The AP English Literature and Composition course aligns to an introductory college-level literary analysis course. The course engages students in the close reading and critical analysis of imaginative literature to deepen their understanding of the ways writers use language to provide both meaning and pleasure. As they read, students consider a work’s structure, style, and themes, as well as its use of figurative language, imagery, symbolism, and tone. Writing assignments include expository, analytical, and argumentative essays that require students to analyze and interpret literary works.
Advanced Placement (AP®) courses are equivalent to college-level courses. We highly recommend that you read the College Board’s AP English Literature and Composition Course and Exam Description before beginning this course.
Required Course Materials
You will need to purchase a textbook because the course involves reading text:
Literature & Composition:Reading, Writing, Thinking by Carol Jago, Renee H. Shea, Lawrence Scanlon, Robin Dissin Aufses, 2011.
- ISBM-13: 978-0-312-38806-51
- ISBN-10: 0-312-38806-3
You will also need access to the following works:
- The Poisonwood Bible by Barbara Kingsolver
- Lord of the Flies by William Goldsmith
- Frankenstein by Mary Shelley
- Death of Salesman by Arthur Miller
This semester course consists of:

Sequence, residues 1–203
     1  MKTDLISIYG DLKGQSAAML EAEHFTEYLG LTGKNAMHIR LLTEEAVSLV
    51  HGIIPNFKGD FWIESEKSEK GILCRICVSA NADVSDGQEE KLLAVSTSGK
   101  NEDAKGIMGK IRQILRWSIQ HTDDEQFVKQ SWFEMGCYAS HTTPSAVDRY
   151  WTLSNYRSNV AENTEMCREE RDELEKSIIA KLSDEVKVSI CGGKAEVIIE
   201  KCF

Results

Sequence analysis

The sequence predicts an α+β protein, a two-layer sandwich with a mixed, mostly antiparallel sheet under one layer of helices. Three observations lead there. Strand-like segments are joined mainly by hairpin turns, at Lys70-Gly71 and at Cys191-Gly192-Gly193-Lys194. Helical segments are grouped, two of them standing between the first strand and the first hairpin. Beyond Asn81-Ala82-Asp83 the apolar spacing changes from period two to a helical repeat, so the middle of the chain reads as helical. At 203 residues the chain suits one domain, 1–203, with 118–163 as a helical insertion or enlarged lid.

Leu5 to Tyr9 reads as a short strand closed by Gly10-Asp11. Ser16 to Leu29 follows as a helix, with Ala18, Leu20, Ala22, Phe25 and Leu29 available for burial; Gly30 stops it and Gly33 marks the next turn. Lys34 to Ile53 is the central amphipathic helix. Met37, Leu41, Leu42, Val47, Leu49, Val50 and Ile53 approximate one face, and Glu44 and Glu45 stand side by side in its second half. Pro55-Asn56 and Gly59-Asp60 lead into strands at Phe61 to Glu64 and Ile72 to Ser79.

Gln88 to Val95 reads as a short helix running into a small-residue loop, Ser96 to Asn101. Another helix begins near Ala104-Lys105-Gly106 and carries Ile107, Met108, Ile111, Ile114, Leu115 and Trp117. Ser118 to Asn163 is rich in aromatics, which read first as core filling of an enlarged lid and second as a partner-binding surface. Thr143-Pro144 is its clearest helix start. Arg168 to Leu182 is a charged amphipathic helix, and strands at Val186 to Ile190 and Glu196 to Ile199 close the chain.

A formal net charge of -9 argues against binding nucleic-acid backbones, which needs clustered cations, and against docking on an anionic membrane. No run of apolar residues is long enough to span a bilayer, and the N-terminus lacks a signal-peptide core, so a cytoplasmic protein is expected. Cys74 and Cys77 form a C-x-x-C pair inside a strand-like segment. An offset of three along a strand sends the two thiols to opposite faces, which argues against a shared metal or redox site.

- 4 Units with 2 – 5 Lessons per Unit
- 12 Graded Assignments
- 1 final exam (taken in-person)
You must take and pass each semester’s final exam to receive credit for the course. After taking the semester B exam, you may take the AP® English Language and Composition exam offered by the CollegeBoard, but it is not required to receive credit for the course from UT High School.
The final examination is comprehensive; it covers the material from all units. To pass the course, you must receive a grade of 70 percent or better. You can apply to take the Final Exam after 100 percent of your graded assignments have been submitted, and at least 70 percent have been graded and returned to you.
Format: 30 Multiple-choice questions, one essay
Time Allowed: 3 hours
Materials Allowed: #2 pencils, printed dictionary
- Exploring Suffering and the Human Condition
- Exploring Life and Death: The Dichotomy of the Human Experience
- Exploring Peace and War through Literature
- Understanding and Developing the Free-Response Essay for Poetry and Prose